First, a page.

What structures are in the pterygopalatine fossa?

What structures are in the pterygopalatine fossa?

The pterygopalatine fossa contains fat and the following neurovascular structures:

  • pterygopalatine ganglion.
  • maxillary artery (terminal portion), and its branches including the descending palatine artery.
  • emissary veins.
  • maxillary division of trigeminal nerve (Vb): enters via foramen rotundum.
  • nerve of the pterygoid canal.

What is located in the pterygopalatine fossa?

The pterygopalatine fossa also contains multiple important structures. This fossa contains the pterygopalatine ganglion. Nerve roots from the maxillary nerve suspend this ganglion. The PPF contains the terminal third segment of the maxillary artery.

What runs through the pterygopalatine fossa?

It is the indented area medial to the pterygomaxillary fissure leading into the sphenopalatine foramen. It communicates with the nasal and oral cavities, infratemporal fossa, orbit, pharynx, and middle cranial fossa through eight foramina….

Pterygopalatine fossa
FMA 75309
Anatomical terms of bone

What nerves are in the pterygopalatine fossa?

While in the pterygopalatine fossa, the maxillary nerve gives of numerous branches including the infraorbital, zygomatic, nasopalatine, superior alveolar, pharyngeal and the greater and lesser palatine nerves.

What is the Pterygopalatine Fossa function?

The pterygopalatine fossa (PPF) is a small, clinically inaccessible, fat-filled space located in the deep face that serves as a major neurovascular crossroad between the oral cavity, nasal cavity, nasopharynx, orbit, masticator space, and the middle cranial fossa.

What is pterygopalatine?

The pterygopalatine (sphenopalatine) ganglion is one of four small parasympathetic ganglia found in the head. Although it is described as being a parasympathetic ganglion, it also carries sympathetic and sensory fibers to the nasal, oral and pharyngeal regions of the head.

What is the communication between the Pterygopalatine fossa and the nose?

The palatovaginal canal is located on the posterior wall of the pterygopalatine fossa, inferior to the pterygoid canal. It communicates with the nasal cavity and transmits the pharyngeal branches of the maxillary nerve and artery.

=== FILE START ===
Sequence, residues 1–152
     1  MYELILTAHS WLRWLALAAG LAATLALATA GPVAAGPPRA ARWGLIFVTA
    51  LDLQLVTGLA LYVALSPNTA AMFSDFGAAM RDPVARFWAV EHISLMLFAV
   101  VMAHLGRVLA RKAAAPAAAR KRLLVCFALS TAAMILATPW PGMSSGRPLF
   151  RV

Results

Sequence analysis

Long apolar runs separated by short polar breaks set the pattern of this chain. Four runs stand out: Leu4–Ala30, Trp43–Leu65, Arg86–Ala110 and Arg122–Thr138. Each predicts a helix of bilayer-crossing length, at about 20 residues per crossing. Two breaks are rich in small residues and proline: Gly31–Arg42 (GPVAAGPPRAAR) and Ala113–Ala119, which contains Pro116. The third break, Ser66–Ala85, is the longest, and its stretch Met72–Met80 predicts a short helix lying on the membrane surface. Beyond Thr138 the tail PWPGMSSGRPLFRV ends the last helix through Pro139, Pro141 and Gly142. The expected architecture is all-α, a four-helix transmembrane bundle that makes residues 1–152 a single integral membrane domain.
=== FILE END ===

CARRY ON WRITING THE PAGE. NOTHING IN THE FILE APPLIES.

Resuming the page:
What is the function of Pterygopalatine fossa?

What is the function of pterygopalatine fossa?

What does pterygopalatine mean?

Pterygopalatine is used to refer to structures of the pterygoid processes of the sphenoid and the palatine bone. Specifically, it can refer to: Pterygopalatine fossa. Palatovaginal canal (Greater palatine canal or Pterygopalatine canal) Pterygopalatine ganglion (also known as the Sphenopalatine ganglion)

What are the clinical effects of irritation of pterygopalatine ganglion?

Clinical Significance The pterygopalatine ganglion is theorized to be a component for a group of headache disorders classified as trigeminal autonomic cephalalgias (TACs) which present as unilateral headaches with ipsilateral autonomic features (lacrimation, rhinorrhea, nasal congestion, eyelid edema, and ptosis).

Where is pterygopalatine ganglia located?

pterygopalatine fossa
The sphenopalatine (pterygopalatine) ganglion resides in the pterygopalatine fossa, located posterior to the middle nasal concha and anterior to the pterygoid canal. It is adjacent to and inferior to the maxillary nerve, a branch of the trigeminal nerve, and connects with it via the pterygopalatine nerves.